The materialist - spiritualist dichotomy looks at the nature of the being and reality in general.
Materialists disregard superstition, considering that life has no intrinsic meaning outside their own reality and that the only true purpose is what they make of it. In contrast, spiritualists believe that consciousness surpasses materiality and that their temporary, mortal bodies, subjected to the vicissitudes of the universe, are only means towards a greater end: to improve themselves spiritually in anticipation of their future ascension to higher planes of existence.
Materialists get useful bonuses to all research output, and receive no penalty to happiness for employing certain technologies. Spiritualists, while having lower ethics divergence and growth time, will suffer happiness penalties for adopting policies involving the use of robotics or genetic enhancement of leadership. Materialists are unable to access psionics research by default, while Spiritualists have the same issue with robotics (though both can still obtain them as research alternatives by employing a scientist with the proper expertise).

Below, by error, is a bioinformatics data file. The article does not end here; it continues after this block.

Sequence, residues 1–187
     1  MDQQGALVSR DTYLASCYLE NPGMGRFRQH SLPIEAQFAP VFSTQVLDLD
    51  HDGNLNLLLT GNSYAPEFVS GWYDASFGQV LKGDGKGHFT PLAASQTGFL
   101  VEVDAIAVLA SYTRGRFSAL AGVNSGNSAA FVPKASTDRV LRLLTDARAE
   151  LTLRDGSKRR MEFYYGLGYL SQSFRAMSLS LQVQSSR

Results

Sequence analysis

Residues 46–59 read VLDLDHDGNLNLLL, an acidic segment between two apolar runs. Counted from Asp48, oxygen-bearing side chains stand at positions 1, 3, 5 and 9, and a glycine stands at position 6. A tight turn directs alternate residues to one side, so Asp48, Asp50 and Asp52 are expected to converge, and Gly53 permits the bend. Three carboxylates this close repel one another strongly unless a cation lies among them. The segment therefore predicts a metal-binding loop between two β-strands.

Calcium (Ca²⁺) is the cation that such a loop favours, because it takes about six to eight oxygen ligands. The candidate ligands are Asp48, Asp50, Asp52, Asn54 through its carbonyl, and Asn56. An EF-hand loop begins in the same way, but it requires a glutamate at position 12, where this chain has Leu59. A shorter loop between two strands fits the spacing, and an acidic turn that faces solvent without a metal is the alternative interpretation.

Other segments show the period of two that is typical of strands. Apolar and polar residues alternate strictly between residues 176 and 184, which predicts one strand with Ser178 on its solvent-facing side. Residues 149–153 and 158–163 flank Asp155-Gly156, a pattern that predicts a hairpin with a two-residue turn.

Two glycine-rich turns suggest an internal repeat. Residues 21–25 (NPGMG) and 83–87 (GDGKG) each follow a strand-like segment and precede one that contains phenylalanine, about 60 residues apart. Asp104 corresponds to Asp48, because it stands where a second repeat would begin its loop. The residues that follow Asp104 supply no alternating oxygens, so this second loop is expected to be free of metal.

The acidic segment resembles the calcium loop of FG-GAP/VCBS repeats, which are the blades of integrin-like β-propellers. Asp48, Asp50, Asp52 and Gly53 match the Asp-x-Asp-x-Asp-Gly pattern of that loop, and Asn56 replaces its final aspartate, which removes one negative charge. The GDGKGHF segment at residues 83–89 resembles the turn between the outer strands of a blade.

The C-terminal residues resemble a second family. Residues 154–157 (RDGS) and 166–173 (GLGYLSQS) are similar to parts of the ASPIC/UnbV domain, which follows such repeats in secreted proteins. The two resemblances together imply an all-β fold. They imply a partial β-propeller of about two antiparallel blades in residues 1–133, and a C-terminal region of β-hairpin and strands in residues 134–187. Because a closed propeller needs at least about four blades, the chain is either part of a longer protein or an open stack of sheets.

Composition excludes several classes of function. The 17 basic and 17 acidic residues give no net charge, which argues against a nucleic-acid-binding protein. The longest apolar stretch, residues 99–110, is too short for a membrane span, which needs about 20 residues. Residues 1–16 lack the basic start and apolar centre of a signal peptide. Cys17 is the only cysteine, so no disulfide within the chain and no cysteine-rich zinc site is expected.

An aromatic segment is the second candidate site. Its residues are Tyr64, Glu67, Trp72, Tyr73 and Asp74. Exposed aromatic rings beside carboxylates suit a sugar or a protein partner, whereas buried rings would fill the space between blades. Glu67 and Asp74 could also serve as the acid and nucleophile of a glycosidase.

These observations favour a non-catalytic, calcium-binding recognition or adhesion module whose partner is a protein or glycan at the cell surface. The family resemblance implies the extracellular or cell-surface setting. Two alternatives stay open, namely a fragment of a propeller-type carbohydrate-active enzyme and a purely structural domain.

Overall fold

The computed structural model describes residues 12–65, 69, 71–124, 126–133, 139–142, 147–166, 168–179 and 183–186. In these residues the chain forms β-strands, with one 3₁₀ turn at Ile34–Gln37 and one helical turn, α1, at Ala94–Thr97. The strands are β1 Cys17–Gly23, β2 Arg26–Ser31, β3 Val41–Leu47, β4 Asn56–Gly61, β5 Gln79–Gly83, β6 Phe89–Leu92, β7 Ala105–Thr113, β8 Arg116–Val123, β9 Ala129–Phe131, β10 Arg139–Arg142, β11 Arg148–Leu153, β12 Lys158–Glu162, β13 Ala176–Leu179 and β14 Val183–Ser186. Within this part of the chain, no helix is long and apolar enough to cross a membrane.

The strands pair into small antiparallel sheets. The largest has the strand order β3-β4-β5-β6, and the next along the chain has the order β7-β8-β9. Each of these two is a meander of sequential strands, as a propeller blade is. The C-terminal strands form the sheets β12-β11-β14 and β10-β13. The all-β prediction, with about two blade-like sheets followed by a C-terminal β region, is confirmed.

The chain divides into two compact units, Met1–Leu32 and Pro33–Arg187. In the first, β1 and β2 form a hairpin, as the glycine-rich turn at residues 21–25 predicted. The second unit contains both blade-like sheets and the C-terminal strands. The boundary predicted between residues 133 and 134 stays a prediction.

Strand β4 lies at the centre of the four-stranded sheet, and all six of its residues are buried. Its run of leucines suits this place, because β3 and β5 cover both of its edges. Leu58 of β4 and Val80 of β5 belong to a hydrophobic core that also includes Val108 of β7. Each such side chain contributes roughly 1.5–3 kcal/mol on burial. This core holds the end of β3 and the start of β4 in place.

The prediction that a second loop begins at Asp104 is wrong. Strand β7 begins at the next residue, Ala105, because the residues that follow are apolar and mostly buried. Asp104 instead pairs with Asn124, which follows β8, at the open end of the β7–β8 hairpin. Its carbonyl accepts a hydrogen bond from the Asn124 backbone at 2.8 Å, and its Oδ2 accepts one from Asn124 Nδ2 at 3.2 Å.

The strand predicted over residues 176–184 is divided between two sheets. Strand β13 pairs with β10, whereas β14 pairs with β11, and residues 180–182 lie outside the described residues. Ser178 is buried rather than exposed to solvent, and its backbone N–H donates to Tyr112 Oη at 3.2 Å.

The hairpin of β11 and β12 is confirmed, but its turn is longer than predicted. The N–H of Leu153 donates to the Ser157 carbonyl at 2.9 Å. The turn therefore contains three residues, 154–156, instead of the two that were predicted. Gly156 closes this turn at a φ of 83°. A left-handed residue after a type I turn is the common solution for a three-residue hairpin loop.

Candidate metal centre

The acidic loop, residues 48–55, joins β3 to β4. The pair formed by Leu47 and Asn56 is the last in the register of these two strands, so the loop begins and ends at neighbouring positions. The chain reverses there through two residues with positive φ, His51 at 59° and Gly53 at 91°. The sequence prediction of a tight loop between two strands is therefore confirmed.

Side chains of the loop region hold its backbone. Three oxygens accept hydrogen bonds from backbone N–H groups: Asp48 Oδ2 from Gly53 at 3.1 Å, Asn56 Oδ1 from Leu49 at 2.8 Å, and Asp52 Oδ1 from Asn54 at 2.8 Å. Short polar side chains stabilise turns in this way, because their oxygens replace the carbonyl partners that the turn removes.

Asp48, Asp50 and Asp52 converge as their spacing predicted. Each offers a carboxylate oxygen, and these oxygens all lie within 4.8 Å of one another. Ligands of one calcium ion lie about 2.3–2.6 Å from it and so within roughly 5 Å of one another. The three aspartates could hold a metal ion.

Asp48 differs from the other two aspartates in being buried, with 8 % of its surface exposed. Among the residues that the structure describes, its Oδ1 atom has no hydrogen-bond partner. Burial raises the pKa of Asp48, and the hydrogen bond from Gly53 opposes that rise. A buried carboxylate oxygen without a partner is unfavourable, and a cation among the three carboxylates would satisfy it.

Pop Ethos, Government Ethos and Ethics Divergence
At start of the game all the pops on your home planet will be of the Government Ethos. Newly grown pops copy the ethos set of a pop unit already on the planet, with a slight preference for the same species. That last part means new colonists should be selected on Ethics as much as Habitability and Traits.
A few things however can result in pops that do not conform to the Government Ethos: